On the Indonesian island of Sulawesi, a team of Australian and Indonesian scientists discovered the oldest known example of cave art. This artwork depicts a wild pig and three human-like figures and is estimated to be at least 51,200 years old, making it more than 5,000 years older than previously known cave art.

51,000-Year-Old Artwork Discovered in Indonesian Cave

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The artwork was found in the caves of Karampuang Hill located in the Maros-Pangkep region of South Sulawesi.

The painting shows a pig with its mouth slightly open and three human-like figures in various positions:

  • First Figure: This figure is holding a rod with both arms extended.
  • Second Figure: Positioned next to the pig’s snout and appears to be holding a stick possibly in contact with the pig’s throat.
  • Third Figure: An upside-down figure with splayed legs reaching towards the pig’s head.

Neanderthals are known to have made non-figurative cave markings as early as 75,000 years ago. The oldest known figurative cave art was a 21,000-year-old panel in Lascaux, France, depicting a bird-headed human confronting a bison.

In 2019, a find in the Maros-Pangkep karst region of Sulawesi revealed a 15-foot-wide panel depicting human-like figures engaging with warty pigs and anoas (dwarf buffalos).

Researchers utilized a more sensitive dating technique called laser ablation uranium-series imaging to date the cave paintings more accurately.

This method involves analyzing much smaller calcite samples which provides a higher resolution of the age distribution on the cave walls and minimizes damage to the artwork.

Earlier studies dated cave art by carbon-dating small samples of calcite formations known as cave popcorn which accumulate over thousands of years.

The new laser technique has proven more precise and revealed that the rock artwork is approximately 48,000 years old.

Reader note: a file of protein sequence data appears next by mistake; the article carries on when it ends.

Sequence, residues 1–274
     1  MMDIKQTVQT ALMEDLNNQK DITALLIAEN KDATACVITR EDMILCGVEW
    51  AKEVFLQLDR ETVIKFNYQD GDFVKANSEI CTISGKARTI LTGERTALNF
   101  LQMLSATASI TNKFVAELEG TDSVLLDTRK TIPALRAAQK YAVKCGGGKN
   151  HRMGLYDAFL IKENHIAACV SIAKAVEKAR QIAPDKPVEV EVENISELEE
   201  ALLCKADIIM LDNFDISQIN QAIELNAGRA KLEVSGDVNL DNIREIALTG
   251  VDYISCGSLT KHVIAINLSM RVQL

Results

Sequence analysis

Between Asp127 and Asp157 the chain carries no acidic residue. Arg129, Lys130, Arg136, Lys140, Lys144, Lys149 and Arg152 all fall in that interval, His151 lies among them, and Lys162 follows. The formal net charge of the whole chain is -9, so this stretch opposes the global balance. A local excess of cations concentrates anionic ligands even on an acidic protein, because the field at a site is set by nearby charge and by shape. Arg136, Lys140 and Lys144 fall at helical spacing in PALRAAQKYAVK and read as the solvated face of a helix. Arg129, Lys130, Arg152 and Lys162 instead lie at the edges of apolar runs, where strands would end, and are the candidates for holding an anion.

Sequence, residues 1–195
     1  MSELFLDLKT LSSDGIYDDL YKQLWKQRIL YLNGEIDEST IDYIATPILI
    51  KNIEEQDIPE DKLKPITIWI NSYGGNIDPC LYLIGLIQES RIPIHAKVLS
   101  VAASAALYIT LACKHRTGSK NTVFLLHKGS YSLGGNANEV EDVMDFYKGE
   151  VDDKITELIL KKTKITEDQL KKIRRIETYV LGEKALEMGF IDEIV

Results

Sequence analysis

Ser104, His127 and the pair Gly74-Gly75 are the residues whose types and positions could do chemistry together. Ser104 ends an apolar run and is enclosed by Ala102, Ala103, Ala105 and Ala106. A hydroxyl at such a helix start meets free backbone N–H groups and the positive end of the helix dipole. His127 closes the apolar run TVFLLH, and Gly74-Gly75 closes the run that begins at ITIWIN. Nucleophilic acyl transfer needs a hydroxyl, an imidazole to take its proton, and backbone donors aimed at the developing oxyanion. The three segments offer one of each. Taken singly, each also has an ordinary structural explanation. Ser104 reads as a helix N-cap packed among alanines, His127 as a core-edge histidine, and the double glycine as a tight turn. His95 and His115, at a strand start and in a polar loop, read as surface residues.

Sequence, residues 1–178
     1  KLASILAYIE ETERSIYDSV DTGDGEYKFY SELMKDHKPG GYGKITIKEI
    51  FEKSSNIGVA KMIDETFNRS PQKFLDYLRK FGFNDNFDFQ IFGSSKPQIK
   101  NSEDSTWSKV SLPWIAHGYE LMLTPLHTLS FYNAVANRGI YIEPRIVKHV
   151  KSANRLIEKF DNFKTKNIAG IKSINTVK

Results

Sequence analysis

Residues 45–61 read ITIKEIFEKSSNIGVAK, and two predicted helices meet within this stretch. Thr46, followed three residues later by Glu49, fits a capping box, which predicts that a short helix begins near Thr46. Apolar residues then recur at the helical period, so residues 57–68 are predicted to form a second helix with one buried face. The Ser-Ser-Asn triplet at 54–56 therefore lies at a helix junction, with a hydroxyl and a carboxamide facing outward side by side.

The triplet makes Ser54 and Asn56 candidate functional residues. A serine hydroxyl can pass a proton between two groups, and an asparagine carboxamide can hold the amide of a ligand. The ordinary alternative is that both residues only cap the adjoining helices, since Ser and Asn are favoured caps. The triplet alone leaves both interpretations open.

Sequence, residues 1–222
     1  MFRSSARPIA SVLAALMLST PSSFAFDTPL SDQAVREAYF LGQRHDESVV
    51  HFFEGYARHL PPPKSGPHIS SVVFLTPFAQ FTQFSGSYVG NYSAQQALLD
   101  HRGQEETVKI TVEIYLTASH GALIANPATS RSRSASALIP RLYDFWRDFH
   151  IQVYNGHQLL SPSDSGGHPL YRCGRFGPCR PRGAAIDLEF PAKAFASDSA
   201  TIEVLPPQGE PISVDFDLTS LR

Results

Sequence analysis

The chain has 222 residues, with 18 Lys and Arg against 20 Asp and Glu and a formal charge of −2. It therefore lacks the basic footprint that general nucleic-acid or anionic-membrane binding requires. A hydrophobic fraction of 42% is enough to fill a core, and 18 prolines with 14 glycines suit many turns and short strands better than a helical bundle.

The earliest known therianthropic depiction was the 40,000-year-old Lion Man sculpture from Germany.

Another oldest known drawings consisting of geometric patterns were found in Blombos Caves in southern Africa and dated back 75,000 to 100,000 years ago.

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The researchers used a new dating method involving laser cutting of tiny artwork samples enabling more precise dating.

This method could be applied to other cave art sites worldwide leading to discoveries and reevaluations of the timeline for early human creativity.

Stringer from the Natural History Museum in London believes that representational art may have originated in Africa and spread as humans migrated.

Claims of even older cave art in Spain attributed to Neanderthals, have been controversial and largely rejected by the scientific community due to uncertainties in dating methods.

The Sulawesi painting includes figures that resemble therianthropes or human-animal hybrids, a feature that is rare in early artwork.

Warty pigs are frequently depicted in the region’s cave art and were likely important symbolically to the people who created the artwork.

The new method involving uranium series dating of calcium carbonate layers allows for more accurate age determination by ensuring that younger and older materials are not mixed.

Paul Pettitt, a paleolithic archaeologist at Durham University expressed doubts about interpreting the artwork as a narrative. He argued that the images could be depictions rather than a story.

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